Month: February 2017

Environmental sustainabilityMarketing 3.0Strategy planning & executionSustainabilityThird sector and social sustainability

The principles and goals of a destination model: sustainability

Sustainability means qualitative and balanced growth preserving both socio cultural and environmental value. Sustainable development is defined as “the satisfaction of the present moment without compromising the capacity of the future generations to satisfy their needs”. In the tourism industry there are several forces favoring a tourism sustainable development:

  • The consumer pressure: greater consciousness about environmental issues, increase of alternative tourism concepts such as ecotourism, agrotourism, etc. and better preservation of the destination’s environmental and cultural resources.
  • The public authorities: through new regulations incentivizing conservation and recuperation of the environment.
  • The civil society: increasingly concerned about the environment, demanding measures for the conservation of the cultural, social and natural heritage.

There are however some forces against the sustainable development, namely the economic growth, which has to be countered with development planning measures and policies. Businesses want to increase revenue and financial value, the society is demanding employment, and the public administration needs their taxes to provide public services.

According to Professor Muller from the University of Bern, there are five conditions that a destination should comply with to be sustainable, all ingrained in the public policies:

  • Economic development, intending to develop tourism as an alternative economic sector.
  • Environmental conditions, intending to develop environmental consciousness and preserving the natural heritage.
  • Cultural identity, fostering traditions and local cultural heritage.
  • Social base, improving the life quality of the destination inhabitants.
  • Tourism attractiveness, improving the visitor satisfaction by leveraging the local heritage.

The public administration has to consider the needs of this development in the regulations, and ensure the participation of the local stakeholders through a campaign to arouse consciousness and concern about these issues.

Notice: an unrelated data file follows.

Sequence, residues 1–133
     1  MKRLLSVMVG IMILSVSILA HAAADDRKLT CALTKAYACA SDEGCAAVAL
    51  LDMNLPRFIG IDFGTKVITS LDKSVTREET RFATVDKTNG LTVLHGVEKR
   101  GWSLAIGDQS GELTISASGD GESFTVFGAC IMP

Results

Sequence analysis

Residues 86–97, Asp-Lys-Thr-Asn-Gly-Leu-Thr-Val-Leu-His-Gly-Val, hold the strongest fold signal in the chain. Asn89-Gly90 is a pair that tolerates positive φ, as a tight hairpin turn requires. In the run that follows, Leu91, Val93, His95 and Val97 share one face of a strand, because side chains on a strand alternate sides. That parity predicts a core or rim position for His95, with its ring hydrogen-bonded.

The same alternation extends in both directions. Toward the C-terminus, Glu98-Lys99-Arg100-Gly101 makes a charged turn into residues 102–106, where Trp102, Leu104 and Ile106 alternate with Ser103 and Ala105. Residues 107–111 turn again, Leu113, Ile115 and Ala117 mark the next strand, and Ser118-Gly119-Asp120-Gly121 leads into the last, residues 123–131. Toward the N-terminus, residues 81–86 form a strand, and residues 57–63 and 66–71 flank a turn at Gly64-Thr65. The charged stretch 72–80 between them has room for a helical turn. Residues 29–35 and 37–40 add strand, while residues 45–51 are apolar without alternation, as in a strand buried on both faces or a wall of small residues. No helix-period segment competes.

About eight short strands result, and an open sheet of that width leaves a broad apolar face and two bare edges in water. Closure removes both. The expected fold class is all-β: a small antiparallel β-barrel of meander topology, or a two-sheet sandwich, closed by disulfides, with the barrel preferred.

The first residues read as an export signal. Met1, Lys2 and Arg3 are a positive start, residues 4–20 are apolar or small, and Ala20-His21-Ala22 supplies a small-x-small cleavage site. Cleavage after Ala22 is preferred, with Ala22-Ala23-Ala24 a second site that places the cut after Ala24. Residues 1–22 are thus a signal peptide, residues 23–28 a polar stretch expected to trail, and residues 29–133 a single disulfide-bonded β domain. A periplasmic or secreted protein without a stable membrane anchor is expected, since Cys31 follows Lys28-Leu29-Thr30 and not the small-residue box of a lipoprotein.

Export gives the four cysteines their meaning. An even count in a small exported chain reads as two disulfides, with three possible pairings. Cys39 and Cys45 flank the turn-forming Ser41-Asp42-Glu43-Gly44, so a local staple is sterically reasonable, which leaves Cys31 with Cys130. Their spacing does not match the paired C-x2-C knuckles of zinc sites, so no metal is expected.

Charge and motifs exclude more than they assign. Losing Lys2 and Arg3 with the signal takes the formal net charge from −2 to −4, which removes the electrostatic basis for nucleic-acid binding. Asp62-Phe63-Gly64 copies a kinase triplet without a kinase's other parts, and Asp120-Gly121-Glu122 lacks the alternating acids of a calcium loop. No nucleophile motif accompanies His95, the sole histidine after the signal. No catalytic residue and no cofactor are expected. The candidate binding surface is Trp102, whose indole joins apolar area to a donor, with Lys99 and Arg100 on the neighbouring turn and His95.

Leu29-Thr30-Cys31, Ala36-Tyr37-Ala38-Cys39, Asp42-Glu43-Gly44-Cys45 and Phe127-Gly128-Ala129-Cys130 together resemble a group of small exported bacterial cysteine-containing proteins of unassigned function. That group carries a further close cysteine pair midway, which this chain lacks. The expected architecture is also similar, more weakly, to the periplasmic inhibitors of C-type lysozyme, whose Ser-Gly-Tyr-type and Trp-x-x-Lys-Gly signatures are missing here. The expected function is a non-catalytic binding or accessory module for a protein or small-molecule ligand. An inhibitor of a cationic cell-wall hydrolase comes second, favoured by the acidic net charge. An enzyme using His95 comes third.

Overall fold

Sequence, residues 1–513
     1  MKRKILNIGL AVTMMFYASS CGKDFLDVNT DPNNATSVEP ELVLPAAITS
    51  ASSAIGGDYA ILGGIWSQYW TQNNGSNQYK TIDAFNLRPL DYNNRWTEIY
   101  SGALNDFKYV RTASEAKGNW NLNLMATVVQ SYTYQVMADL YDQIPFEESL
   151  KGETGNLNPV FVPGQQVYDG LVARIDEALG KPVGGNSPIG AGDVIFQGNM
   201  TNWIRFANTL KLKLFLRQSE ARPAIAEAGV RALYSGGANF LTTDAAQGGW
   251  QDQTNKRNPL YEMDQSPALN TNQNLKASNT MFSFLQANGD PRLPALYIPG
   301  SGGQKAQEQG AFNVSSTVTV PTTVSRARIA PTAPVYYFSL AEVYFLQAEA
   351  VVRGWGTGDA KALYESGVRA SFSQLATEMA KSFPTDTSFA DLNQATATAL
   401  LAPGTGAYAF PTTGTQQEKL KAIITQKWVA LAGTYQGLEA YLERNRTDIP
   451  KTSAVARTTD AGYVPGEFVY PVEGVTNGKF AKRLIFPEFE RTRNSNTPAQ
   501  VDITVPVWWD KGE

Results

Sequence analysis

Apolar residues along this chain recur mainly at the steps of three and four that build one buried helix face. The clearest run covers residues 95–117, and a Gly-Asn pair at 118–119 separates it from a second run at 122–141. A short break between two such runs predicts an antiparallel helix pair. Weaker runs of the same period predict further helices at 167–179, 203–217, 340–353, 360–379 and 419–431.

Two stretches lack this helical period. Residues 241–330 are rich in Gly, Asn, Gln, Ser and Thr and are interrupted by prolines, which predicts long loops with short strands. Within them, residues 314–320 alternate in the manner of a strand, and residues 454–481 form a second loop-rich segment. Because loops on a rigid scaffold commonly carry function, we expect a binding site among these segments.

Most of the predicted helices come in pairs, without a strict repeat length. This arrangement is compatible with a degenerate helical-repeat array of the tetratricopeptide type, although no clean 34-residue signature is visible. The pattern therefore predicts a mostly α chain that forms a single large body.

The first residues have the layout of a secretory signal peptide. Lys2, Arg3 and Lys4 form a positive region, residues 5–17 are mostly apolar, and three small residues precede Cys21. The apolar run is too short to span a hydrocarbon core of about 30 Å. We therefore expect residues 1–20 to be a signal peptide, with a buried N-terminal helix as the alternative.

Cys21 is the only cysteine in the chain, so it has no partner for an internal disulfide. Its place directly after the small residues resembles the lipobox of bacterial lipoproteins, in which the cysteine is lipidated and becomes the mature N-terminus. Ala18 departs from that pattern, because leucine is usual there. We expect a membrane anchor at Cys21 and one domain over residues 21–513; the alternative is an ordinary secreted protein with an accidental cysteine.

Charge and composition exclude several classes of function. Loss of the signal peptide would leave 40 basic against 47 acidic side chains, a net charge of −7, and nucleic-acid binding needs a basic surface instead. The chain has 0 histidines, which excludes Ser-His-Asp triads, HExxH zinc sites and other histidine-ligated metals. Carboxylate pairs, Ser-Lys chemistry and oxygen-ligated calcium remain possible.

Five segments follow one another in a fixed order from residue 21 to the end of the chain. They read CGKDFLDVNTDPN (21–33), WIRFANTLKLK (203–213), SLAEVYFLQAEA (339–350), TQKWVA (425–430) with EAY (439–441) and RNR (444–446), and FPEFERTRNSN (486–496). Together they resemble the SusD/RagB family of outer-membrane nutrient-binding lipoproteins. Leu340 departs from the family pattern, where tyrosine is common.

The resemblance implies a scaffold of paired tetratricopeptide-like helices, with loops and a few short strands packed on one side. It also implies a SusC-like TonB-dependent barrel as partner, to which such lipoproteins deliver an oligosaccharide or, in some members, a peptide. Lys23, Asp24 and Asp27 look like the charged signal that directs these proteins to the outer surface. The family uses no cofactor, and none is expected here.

Do you think of other conditions to make a destination sustainable?

Collaborative business modelsStrategyStrategy planning & executionSustainability

The destination model as a key factor for competitiveness and sustainability

The competitiveness of a tourism destination is not just a matter of tourism operators’ performance. Instead, the potential of a destination for competing in the travel market is determined from the top government policies regarding urban planning, public services, territory planning –protecting natural interest areas-, and tourism development planning, determining tourism related regulations, license policies, investments in facilities and infrastructures and also cross-destination marketing planning and execution.

So long as the tourism activity affects not only the tourism operators, but also the residents’ lives, other business sectors and the image of the territory, it is necessary to elaborate a thorough model attending to the needs and aspirations of all stakeholders. The complexity and challenge of tourism development planning is namely in the need for reaching a balance point, considering all the stakeholders’ interests.

A destination model is to provide answers to three main questions:

  • What can we do to develop tourism in the destination?
  • How can we do it?
  • What vision do we want to strive for?

Finding answers to these questions means choosing among different alternatives related to the tourism to be developed: the development pace, intensity, the limitations to the business growth, etc. Furthermore, a development model works like a guide and reference framework for the activities of both public and private agents, and to articulate cooperation between different public bodies and between public and private ones.

Other advantages and benefits of defining a destination development model are:

  • The territorial structure –cluster definition- of the tourism development is clearly defined.
  • The destination takes advantage of the market opportunities more effectively.
  • The destination’s resources and attractions are leveraged more adequately.
  • Government leaders and local operators have a reference framework to orient their strategy.
  • The need for infrastructures, facilities, financial, technological and human resources are clearly defined according to established goals.
  • Investors have a reference framework that provides them with valuable orientation.